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  • br Functional consequences of ADK

    2024-02-09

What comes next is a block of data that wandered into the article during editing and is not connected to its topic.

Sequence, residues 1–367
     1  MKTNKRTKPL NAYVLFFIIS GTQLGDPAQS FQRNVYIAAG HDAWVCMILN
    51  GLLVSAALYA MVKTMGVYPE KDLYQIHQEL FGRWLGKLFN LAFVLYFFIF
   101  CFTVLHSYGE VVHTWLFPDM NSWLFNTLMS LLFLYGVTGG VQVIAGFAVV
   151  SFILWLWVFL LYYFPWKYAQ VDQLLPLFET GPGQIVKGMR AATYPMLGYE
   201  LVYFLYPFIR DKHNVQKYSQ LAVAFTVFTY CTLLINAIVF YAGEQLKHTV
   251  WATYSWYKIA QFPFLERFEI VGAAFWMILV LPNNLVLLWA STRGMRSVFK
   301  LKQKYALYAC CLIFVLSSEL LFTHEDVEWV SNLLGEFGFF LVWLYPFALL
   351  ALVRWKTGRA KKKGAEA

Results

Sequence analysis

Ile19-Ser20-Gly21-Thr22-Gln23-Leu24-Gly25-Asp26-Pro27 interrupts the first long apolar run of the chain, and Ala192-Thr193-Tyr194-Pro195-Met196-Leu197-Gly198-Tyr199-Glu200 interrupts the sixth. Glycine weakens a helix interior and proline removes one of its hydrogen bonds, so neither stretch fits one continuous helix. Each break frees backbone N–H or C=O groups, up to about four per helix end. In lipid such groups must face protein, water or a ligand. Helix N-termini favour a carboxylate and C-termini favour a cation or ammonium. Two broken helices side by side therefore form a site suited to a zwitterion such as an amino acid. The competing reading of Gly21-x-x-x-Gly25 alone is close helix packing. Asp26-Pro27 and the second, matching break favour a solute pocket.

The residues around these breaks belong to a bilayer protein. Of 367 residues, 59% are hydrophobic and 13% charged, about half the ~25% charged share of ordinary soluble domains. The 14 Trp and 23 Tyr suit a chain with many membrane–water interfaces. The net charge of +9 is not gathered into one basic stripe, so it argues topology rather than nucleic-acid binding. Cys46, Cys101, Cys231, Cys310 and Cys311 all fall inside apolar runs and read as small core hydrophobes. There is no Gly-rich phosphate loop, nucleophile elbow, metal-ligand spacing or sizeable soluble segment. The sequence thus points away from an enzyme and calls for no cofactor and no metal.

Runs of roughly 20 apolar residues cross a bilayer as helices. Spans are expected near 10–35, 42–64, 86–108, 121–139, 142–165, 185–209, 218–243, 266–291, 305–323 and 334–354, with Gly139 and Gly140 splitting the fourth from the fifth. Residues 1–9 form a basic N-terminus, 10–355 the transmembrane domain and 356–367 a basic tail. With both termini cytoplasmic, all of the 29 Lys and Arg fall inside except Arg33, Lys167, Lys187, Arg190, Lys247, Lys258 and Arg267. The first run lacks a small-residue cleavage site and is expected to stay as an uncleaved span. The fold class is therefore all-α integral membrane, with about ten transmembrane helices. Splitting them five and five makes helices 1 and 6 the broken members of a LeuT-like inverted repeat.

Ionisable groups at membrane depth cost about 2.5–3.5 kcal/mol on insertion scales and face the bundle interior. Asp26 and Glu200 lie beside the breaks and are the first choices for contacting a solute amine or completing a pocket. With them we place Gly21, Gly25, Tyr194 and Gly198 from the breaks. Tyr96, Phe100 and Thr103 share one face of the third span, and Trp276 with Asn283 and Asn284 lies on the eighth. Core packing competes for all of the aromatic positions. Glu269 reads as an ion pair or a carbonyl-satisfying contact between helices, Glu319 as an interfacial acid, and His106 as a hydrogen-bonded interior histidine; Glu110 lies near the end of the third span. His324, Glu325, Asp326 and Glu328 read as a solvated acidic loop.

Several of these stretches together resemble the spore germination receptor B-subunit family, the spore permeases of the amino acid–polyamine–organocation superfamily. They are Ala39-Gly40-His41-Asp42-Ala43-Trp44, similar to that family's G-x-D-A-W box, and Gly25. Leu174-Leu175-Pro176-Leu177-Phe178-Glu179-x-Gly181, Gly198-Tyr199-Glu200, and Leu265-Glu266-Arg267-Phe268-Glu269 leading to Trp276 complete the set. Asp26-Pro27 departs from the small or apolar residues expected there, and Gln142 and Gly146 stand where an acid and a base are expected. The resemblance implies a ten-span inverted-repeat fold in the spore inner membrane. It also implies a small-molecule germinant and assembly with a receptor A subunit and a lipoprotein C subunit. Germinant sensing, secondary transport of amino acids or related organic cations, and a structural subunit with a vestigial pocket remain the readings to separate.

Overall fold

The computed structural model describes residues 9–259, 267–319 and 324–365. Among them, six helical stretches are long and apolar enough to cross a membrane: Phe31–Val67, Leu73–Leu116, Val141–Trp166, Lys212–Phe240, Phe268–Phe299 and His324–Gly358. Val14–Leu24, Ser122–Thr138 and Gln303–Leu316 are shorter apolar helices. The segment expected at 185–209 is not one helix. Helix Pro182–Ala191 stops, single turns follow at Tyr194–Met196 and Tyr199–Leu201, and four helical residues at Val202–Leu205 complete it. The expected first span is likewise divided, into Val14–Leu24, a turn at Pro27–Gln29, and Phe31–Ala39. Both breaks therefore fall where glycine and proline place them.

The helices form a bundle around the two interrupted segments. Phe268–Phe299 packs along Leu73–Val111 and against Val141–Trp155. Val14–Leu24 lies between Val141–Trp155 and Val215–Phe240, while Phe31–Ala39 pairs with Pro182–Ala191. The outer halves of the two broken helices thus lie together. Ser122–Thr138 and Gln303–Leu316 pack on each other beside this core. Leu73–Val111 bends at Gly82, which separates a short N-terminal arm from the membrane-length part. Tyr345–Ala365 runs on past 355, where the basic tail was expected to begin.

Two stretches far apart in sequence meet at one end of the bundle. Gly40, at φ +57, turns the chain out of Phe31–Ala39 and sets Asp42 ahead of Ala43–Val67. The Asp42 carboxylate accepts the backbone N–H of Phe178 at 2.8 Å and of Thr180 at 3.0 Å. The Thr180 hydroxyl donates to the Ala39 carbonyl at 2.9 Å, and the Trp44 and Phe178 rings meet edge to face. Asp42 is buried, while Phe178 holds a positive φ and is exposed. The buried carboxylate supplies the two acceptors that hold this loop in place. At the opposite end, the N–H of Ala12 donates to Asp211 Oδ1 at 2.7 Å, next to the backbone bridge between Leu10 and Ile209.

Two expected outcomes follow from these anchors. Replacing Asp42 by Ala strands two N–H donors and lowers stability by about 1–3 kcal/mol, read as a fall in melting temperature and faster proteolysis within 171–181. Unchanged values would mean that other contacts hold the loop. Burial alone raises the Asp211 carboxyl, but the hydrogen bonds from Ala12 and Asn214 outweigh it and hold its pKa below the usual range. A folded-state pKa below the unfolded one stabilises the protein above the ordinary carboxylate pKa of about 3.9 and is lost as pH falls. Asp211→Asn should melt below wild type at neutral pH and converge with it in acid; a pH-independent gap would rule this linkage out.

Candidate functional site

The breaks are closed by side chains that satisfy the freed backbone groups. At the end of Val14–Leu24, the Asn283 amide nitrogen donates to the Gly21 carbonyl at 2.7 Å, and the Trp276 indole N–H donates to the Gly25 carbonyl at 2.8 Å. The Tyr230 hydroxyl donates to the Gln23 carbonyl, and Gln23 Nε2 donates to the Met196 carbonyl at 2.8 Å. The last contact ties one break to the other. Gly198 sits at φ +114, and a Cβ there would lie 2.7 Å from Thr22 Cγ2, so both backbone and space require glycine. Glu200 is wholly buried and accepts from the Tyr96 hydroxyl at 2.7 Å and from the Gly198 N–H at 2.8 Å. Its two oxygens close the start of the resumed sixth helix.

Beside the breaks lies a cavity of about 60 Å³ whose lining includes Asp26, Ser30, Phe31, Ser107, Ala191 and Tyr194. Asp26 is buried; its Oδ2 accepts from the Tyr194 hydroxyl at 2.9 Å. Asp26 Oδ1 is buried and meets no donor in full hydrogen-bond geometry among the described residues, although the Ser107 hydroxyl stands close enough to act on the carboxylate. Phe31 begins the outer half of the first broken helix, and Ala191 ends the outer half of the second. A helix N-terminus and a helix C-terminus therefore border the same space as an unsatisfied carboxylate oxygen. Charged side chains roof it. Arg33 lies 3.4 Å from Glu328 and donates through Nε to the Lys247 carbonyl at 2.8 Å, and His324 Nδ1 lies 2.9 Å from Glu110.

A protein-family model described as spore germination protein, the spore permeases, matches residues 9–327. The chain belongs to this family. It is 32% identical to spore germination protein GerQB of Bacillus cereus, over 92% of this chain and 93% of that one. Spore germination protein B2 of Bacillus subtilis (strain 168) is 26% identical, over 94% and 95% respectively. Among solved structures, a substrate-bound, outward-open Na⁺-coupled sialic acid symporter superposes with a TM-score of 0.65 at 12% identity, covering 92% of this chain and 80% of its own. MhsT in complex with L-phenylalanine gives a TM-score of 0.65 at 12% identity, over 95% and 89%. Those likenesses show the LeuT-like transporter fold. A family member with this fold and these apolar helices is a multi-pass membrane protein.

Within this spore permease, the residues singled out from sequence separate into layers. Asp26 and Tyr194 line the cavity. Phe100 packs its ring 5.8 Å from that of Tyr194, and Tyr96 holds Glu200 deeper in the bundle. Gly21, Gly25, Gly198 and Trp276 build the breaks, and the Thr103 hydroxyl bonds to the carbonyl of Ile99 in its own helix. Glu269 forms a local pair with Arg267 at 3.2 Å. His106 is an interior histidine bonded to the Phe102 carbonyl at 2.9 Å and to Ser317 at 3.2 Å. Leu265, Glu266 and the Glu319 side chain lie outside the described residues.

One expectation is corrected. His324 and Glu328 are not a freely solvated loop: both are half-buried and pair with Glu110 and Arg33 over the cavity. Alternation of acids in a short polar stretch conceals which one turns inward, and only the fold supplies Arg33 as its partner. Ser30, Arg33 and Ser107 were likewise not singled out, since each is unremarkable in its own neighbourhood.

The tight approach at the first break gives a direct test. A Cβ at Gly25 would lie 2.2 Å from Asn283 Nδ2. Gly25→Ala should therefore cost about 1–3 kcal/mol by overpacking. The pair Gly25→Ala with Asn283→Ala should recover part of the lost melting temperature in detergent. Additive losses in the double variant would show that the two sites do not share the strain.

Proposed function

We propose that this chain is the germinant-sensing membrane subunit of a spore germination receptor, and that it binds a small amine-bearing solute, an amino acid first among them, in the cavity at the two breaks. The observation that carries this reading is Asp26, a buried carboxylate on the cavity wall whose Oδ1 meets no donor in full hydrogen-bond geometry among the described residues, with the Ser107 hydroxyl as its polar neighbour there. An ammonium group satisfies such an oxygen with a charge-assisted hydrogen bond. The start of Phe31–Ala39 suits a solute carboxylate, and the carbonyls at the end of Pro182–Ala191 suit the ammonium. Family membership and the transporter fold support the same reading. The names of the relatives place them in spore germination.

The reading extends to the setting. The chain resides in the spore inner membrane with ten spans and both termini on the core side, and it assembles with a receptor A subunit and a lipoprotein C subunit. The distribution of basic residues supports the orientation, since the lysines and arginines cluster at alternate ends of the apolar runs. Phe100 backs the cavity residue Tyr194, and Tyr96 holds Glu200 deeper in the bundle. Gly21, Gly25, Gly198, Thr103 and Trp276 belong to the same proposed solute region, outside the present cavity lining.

Functional consequences of ADK regulation on astrocyte function As outlined above (see introduction), ADK critically regulates the extracellular adenosine levels in bcrp transporter (Boison, 2006, Etherington et al., 2009). Changes in the levels of adenosine, as a result of the regulation of ADK expression/function in epileptic tissue, may influence astroglial function through activation of different ARs, which have been detected in astrocytes [for reviews see (Boison et al., 2010, Aronica et al., 2012b)]. Activation of A1R on astrocytes has been shown to reduce their proliferation in vitro (Rathbone et al., 1991, Ciccarelli et al., 1994), as well as to mediate cytoprotective effects (Ciccarelli et al., 2007, D’Alimonte et al., 2007, Bjorklund et al., 2008). In addition, astrocyte function and proliferation may secondarily influence the activation of A1Rs expressed on microglial cells, which has been shown to attenuate neuroinflammation (Tsutsui et al., 2004, Synowitz et al., 2006). Adenosine mediates its actions on astrocytes also through the A2ARs, which are also expressed in microglia and induced following different types of brain injury or inflammation (Cunha, 2005, Rebola et al., 2011). Activation of glial A2ARs has been suggested to control neuroinflammation (Nishizaki et al., 2002, Rebola et al., 2011). Acting via the astroglial A2ARs, adenosine may also regulate the extracellular concentration of glutamate (Li et al., 2001, Nishizaki et al., 2002) and inhibit the production of nitric oxide [NO; (Brodie et al., 1998)]. In contrast to the A1Rs, activation of A2ARs increases astrocyte proliferation (Hindley et al., 1994, Brambilla et al., 2003). Thus, activation of A2ARs may play a critical role in promoting astrogliosis in epileptic brain, particularly when occurring in concert with changes in A1Rs expression (Fig. 1). Interestingly, a downregulation of A1Rs (which negatively modulates astrocyte proliferation) has been observed during epileptogenesis (Ekonomou et al., 2000, Rebola et al., 2003). As discussed above, induction of astrogliosis is associated with an upregulation of ADK (Fig. 2), leading to a reduction in extracellular levels of adenosine [(Boison, 2006); Fig. 1]. Inflammatory molecules, such as IL-1β, up-regulated in epileptogenic tissue from TLE patients [for review see (Aronica and Crino, 2011, Vezzani et al., 2011)] may also play a role in the regulation of adenosine cycle in astrocytes. Accordingly, IL-1β has been shown to increase the expression of ADK in human astrocytes in culture, suggesting a potential modulatory crosstalk between the astrocyte-based adenosine cycle and inflammation (Aronica et al., 2011). Increasing evidence points towards a critical role of ARs in neuron–glia communication and neuroinflammation (Boison, 2010, Gomes et al., 2011). Activation of A2BRs has been shown to induce the release of IL-6 from astrocytes and the activation of the A3Rs to promote the synthesis of the chemokine MCP-1 [monocyte chemotactic protein-1; for reviews see (Hasko et al., 2005, Abbracchio and Ceruti, 2007, Gomes et al., 2011)]. Thus, it is tempting to hypothesize that a dysfunction in adenosine’s homeostasis may critically influence balance of pro- and anti-inflammatory processes, leading to uncontrolled inflammation that may contribute to the development of the epileptic process and/or cognitive dysfunction [for reviews see (Vezzani et al., 2011, Boison et al., 2012)]. ADK expression levels may also play a role in the regulation of tumor growth and apoptotic cell death in astrocytomas (Abbracchio et al., 1997, Synowitz et al., 2006, Dehnhardt et al., 2007, Gessi et al., 2010, Gessi et al., 2011). Accordingly, increased ADK mRNA expression has been detected in human cancer samples outside the brain, such as in colorectal cancer (Giglioni et al., 2008). Moreover, it has been demonstrated that extracellular adenosine reduced the viability of cultured astrocytoma cells (Sai et al., 2006), suggesting that induction of ADK might represent a strategy to improve survival of tumor cells.